On Friday, 23 February 2018 at 00:05:59 UTC, Martin Nowak wrote:
The main use-case for craming multiple imports into a line is
not libraries but scripting, examples, and maybe unit tests.
Those are cases when selective imports shouldn't be used.
experimental.scripting was introduced to reduce import length to
absolute minimum - 11 characters.
That's your opinion, my opinion is that importing 6 symbols
from 6 different modules for a tiny cli tool sucks and bloats
code example. So the alternative is to not use selective
imports, but only those and static imports have a clear path to
become lazy (https://issues.dlang.org/show_bug.cgi?id=13255).
Are renamed imports already lazy?
Tiny cli tool uses all its imports and doesn't benefit from
laziness, only libraries do.
- use std.experimental.scripting
Indeed an alternative with a similar goal, reducing the
amount of typing/noise for hacking. Importing all phobos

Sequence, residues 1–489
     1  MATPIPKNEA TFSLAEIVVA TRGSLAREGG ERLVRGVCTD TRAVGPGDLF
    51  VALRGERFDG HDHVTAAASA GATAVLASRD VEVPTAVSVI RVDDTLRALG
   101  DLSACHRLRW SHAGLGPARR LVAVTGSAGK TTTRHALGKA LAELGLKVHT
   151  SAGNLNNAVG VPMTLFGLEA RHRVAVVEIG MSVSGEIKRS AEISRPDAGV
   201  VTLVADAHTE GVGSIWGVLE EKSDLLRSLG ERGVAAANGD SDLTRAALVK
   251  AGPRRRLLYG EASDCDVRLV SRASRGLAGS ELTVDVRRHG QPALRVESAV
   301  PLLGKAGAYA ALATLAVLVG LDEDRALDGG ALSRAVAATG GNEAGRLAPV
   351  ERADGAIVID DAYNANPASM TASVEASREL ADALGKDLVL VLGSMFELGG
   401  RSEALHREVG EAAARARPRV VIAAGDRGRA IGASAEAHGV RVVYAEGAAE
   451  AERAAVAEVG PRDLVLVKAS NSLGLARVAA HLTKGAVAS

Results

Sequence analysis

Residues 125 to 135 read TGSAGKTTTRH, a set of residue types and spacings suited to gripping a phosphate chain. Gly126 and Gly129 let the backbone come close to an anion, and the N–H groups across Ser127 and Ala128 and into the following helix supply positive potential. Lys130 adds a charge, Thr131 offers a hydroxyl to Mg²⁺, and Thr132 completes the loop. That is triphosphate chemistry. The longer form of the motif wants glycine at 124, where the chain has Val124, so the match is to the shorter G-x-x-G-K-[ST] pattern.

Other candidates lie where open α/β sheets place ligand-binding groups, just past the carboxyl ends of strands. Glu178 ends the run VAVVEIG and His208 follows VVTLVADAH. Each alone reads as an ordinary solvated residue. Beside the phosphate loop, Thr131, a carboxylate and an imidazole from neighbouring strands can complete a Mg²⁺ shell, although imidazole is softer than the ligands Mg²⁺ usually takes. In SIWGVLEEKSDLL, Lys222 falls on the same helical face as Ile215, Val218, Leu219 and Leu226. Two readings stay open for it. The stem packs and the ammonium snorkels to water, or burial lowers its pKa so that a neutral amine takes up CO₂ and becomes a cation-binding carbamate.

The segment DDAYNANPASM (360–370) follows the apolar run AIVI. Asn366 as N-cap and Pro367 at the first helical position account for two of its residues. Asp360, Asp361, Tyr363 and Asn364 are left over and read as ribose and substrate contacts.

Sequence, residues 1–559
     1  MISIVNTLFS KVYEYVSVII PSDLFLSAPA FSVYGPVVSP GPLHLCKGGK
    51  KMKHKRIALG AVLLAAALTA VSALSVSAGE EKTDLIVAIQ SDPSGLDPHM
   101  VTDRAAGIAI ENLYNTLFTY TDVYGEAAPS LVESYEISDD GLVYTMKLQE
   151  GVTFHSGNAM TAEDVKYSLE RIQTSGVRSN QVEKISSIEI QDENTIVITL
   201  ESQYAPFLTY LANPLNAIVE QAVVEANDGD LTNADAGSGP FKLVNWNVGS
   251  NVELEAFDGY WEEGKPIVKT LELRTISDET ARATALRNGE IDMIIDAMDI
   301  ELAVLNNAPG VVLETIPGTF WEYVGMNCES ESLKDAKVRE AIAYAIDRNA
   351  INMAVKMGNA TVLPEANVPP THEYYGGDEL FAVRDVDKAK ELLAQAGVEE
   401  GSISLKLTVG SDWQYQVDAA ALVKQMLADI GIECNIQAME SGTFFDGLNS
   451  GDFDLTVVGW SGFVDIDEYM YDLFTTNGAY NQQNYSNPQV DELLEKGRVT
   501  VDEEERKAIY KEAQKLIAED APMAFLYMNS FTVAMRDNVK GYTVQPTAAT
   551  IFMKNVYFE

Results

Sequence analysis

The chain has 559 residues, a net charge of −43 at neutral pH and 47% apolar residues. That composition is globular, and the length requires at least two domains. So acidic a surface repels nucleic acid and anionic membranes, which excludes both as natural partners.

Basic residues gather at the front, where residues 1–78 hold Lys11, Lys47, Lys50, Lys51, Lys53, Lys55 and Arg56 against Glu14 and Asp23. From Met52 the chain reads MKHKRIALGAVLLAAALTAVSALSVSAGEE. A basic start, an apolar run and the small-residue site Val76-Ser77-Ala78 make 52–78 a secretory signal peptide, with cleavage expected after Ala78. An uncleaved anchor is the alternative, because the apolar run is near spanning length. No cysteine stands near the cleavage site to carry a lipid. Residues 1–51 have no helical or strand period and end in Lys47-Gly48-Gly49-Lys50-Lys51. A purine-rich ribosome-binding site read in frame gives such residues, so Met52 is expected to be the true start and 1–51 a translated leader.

modules will lead to a couple of symbol conflicts (e.g. write),
It's perfectly thinkable to use both `write` functions, and
selective imports won't help you there, but renamed imports will.
Is it just me or people ignore existence of renamed imports?
and it still increases compile times and binary sizes noteably
(though compile time is a lot better than it used to be).
Is it because of dead templates? As a temporary solution you can
compile the code to a library, this way the linker will be able
to skip unreferenced code.
- why hasn't this been a DIP
Because it looked primarily like a minor grammar
rectification that doesn't break anything and is entirely
Also DIPs are a crucial process for our language, and it
seems problematic to clog it with trivialities.
Though the feature met skepticism from the start. Maybe voting
can be used as a simplified DIP process, just needs more people.
- it's useful for talks, posts, code puzzles or on a repl where
code is size constrained
Non-selective always win in terms of size.
- we're currently proliferating selective imports which cause a
lot of D code to become very brittle
I'd convert those to non-selective imports.
import std.algorithm.iteration, std.ascii, std.exception,
std.format, std.meta, std.range, std.stdio, std.string;
(well, my editor has decent word wrapping)